Let’s try to sum this up a bit. The Chinese government wants to move millions of people into cities. It also wants to boost GDP and keep the economy growing. Millions of Chinese people have recently entered the middle class, and they’re looking to invest and buy apartments. Cities like Beijing and Shanghai are already too crowded, too expensive, and too difficult to buy in. This is where the ghost cities come into play. Huge cities have been built all around China, and yet almost nobody lives in them. The government’s philosophy in all of this is basically similar to “Field of Dreams” – if you build it, they will come. While the people haven’t shown up yet to live, they have shown up to buy. Most of the apartments in these ghost cities are already owned, but no one has moved in because, well, there’s not much going on just yet. Learn more about these ghost cities and check out some eye-opening photos in this article from PolicyMic.

Take a video tour of Ordos, Inner Mongolia – one of the biggest ghost cities in the country.

It will be interesting to see how this pans out in the years to come. Will these ghost cities become full of happy home-owning middle class Chinese, or will they just sit there and rot? Will the real estate bubble in China burst? What on Earth will that mean for the economy of the country and the world in general? We’ll just have to wait and see.

Australian 60 Minutes piece about China’s ghost cities.

And here’s the piece from the American 60 Minutes.

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About the Author: sasha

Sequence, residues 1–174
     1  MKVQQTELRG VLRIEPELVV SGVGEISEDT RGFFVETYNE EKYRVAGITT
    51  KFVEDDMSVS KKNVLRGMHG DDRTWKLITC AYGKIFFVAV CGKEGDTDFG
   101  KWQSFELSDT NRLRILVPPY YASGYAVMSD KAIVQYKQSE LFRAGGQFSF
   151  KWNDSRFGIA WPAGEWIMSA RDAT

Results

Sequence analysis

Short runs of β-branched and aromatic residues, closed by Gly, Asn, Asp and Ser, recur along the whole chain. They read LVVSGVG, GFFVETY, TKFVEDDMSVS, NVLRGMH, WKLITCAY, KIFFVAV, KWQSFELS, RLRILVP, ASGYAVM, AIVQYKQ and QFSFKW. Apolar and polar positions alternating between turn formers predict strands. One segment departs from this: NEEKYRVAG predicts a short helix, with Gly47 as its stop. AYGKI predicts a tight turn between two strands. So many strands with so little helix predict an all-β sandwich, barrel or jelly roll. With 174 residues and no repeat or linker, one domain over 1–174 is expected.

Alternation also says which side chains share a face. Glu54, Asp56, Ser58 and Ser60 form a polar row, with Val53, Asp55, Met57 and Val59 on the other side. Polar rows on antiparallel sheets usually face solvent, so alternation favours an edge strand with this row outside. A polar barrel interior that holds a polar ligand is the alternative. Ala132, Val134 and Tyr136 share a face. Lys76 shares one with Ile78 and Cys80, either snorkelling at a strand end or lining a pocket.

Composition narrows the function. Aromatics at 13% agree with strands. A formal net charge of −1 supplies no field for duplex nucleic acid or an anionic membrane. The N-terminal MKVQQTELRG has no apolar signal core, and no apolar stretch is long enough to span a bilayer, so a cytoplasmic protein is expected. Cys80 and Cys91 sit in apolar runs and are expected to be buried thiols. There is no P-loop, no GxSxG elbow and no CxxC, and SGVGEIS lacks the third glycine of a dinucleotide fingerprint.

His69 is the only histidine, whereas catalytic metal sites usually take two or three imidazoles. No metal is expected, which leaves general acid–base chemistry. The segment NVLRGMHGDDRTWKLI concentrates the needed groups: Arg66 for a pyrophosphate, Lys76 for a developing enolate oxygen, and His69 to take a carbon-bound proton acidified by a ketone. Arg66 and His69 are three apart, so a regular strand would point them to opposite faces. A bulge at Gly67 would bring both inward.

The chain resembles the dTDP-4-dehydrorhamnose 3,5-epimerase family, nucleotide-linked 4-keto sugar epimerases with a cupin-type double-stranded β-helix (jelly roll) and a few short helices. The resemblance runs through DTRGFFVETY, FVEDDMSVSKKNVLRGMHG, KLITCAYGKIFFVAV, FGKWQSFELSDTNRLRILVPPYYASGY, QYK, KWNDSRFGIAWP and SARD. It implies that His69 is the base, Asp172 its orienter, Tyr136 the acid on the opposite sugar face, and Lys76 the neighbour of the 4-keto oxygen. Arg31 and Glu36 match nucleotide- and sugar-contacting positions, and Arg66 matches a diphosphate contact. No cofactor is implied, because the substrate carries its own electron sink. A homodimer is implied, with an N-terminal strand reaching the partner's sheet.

Sasha is an English teacher, writer, photographer, and videographer from the great state of Michigan. Upon graduating from Michigan State University, he moved to China and spent 5+ years living, working, studying, and traveling there. He also studied Indonesian Language & Culture in Bali for a year. He and his wife run the travel blog Grateful Gypsies, and they're currently trying the digital nomad lifestyle across Latin America.


  1. steve flood:

    I remember Shenzen being like that in the early 80s. I used to travel monthly from HK to Chiwan. The only people were living in a small ‘village’ around the border crossing and the rest of the city was empty. A very spooky experience driving through it.

  2. Ayse Nur:

    This article has added much to my knowledge. Thank you for such a detailed information about Chinese economy.

  3. Casper:

    The ghost cities will be filled, the question is when: 5, 15 or 25 years’ time. The developers have either sold or are able to hold on to the properties waiting for property prices or rentals to rise. Potential buyers and tenants are waiting for prices to fall and for better services, amenities & retail options.

    As for the themed townships around Shanghai like Thames Town, the most successful seems to be the Scandinavian town. If these themed towns are to be successful, the tenants should also match the theme of the town, for example in the Spanish town, there might be a Spanish tourist office, a Spanish consulate, Spanish restaurants and tapas bars, Spanish shops like Zara, flamenco dance schools, Spanish language schools, representative offices of Spanish companies and banks, Spanish radio station, Spanish cultural performances and fiestas, and since there may not be so many Spanish tenants, look to Filipinos, Portuguese and Macau residents to add to the retail mix. These themed townships will only do well if properly curated, otherwise they will be mere foreign architectural facades for Chinese retailers and end up with a somewhat empty flavour.

    The same for the Italian themed township, there could be Italian restaurants and cafes, Italian delicatessens, Italian shops and outlets for Italian cars and motorbikes, Italian theme art galleries and poster shops, Italian cultural centre, Italian tourism office and consulate and so on.

    The mistake for the developer is to sell all the units to third parties. The idea would be rent some street front units back and curate to ensure the tenants keep to the them.